Jesus said He had come, not to abolish the Law and the Prophets, but to fulfill all that had been written about Him in them.

He went on to say that not the least thing would disappear from them “until everything is accomplished.”

What did Jesus mean by that? Until what was accomplished?

The Apostle Paul, we believe, clearly answered that question in his letter to the Colossians, chapter 2, verses 13-15: When you were dead in your sins and in the uncircumcision of your sinful nature, God made you alive with Christ. He forgave us all our sins, having canceled the written code, with its regulations, that was against us and that stood opposed to us; he took it away, nailing it to the cross. And having disarmed the powers and authorities, he made a public spectacle of them, triumphing over them by the cross!

Paul was making reference to the “written code, with its regulations,” or the Law of Moses, being canceled, not God’s Ten Commandments.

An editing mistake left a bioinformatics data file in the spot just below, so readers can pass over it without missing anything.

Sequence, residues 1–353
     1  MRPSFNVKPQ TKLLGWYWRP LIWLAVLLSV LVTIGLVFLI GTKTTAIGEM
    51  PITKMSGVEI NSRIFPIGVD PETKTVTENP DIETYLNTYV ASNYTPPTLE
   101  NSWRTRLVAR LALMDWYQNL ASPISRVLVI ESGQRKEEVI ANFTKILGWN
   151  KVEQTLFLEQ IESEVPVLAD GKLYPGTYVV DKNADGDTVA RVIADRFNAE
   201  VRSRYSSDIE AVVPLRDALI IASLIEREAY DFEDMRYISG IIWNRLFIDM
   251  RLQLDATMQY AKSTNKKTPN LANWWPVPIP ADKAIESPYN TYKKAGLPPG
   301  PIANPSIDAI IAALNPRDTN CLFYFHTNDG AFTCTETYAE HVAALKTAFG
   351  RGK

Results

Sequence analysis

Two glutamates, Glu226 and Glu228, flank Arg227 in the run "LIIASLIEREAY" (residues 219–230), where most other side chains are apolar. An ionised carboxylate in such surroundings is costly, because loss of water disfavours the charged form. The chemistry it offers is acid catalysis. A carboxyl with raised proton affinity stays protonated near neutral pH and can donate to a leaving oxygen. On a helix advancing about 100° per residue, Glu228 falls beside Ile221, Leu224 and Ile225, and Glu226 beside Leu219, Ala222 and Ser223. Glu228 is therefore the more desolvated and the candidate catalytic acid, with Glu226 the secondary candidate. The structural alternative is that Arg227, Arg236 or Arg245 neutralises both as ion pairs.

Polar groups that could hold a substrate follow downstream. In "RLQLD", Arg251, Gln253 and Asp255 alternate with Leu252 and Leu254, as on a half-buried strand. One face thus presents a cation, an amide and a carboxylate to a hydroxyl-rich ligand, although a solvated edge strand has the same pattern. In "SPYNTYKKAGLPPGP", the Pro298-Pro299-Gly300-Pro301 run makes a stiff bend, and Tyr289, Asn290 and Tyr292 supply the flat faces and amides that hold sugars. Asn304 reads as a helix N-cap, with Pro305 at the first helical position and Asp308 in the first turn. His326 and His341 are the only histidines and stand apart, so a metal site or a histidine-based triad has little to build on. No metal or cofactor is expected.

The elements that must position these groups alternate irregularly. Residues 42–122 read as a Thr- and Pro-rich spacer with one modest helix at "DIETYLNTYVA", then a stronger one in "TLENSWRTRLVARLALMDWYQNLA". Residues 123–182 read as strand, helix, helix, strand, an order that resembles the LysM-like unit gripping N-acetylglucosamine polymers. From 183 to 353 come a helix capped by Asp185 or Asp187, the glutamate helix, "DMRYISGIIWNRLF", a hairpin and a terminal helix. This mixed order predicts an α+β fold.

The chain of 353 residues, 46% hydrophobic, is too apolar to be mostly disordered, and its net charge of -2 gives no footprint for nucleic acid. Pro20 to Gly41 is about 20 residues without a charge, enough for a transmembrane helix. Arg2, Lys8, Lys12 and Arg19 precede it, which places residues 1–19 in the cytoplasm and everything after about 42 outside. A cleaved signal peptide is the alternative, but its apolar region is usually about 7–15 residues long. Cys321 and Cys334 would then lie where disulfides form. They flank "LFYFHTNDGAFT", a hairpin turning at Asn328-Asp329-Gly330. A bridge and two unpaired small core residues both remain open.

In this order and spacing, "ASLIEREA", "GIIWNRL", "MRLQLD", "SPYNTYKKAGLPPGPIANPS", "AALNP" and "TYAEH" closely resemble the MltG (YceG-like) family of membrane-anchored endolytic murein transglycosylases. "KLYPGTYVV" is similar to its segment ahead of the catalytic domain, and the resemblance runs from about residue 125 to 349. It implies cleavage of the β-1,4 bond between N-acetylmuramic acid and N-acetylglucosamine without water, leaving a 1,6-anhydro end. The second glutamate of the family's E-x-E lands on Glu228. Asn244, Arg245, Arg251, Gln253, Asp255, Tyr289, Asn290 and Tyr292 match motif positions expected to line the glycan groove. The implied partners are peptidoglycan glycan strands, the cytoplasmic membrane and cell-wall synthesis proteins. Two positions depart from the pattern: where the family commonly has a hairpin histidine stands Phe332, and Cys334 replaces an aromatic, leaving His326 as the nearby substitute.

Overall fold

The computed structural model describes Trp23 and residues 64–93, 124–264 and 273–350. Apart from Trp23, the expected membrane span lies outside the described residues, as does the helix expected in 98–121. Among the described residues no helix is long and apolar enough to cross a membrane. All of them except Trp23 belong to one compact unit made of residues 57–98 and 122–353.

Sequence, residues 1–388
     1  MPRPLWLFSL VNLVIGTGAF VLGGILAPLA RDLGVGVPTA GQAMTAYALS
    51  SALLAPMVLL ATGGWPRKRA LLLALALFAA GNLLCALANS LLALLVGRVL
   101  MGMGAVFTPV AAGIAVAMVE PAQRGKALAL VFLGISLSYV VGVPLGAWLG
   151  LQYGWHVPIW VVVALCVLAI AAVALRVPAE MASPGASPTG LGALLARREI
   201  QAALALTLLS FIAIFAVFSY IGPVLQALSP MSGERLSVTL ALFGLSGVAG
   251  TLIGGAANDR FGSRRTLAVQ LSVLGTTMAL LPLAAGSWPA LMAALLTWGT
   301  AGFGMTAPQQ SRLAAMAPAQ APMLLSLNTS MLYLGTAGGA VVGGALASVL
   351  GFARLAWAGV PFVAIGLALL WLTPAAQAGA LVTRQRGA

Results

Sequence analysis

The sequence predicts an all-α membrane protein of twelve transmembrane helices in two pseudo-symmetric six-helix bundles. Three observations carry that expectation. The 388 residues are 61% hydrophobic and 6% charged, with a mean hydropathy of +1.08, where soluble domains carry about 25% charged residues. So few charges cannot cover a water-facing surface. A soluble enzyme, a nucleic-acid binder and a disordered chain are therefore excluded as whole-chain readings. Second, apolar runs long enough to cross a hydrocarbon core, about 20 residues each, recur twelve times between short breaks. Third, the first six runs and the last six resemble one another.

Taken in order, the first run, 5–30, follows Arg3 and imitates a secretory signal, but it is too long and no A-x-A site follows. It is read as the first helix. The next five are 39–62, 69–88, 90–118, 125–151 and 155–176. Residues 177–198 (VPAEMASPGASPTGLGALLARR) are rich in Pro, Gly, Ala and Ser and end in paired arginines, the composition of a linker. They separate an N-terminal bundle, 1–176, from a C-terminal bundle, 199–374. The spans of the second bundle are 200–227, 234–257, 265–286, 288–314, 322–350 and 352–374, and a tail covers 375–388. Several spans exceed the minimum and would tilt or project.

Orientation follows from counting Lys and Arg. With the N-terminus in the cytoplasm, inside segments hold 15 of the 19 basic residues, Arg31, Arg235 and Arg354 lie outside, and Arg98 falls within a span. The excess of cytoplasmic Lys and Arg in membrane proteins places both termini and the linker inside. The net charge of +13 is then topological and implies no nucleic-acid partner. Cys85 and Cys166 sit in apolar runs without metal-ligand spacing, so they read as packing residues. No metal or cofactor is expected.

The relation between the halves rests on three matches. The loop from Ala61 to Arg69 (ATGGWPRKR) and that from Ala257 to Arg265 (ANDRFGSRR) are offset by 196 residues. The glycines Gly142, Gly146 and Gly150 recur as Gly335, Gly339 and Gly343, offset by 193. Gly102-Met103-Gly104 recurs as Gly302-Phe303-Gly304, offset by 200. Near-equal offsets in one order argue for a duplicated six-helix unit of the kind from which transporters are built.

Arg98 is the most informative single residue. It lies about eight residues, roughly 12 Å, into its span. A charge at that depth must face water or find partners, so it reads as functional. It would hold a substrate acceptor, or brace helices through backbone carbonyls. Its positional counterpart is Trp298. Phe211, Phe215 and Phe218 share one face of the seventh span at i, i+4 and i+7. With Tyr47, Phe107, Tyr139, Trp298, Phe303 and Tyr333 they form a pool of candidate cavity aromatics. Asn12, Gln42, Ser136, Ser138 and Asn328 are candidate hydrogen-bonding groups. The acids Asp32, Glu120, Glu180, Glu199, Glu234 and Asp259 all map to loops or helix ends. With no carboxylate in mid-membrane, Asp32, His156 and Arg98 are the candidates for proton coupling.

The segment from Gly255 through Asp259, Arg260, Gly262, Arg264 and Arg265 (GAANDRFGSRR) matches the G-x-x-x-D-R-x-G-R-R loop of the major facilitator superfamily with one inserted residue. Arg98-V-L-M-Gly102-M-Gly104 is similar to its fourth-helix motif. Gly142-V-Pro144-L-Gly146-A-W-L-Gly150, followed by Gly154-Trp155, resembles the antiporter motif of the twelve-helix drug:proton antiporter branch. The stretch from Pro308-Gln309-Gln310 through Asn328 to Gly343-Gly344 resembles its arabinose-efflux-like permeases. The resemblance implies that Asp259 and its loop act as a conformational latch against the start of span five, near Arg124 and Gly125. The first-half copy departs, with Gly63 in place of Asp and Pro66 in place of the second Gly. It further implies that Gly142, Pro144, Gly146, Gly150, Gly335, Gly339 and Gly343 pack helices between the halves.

This is further clarified by the continuation of Paul’s thought in the following verses, in which he alludes to various ceremonial laws of the OT, not the Ten Commandments:

Therefore do not let anyone judge you by what you eat or drink, or with regard to a religious festival, a New Moon celebration or a Sabbath day. These are a shadow of the things that were to come, the reality, however, is found in Christ.

Please take note that Paul’s mention of “a Sabbath day” was not in reference to God’s seventh-day weekly Sabbath. Rather, Paul was talking about other special days that God had designated as Sabbaths in connection with the various Hebrew religious observances, or feasts, which God had established through Moses.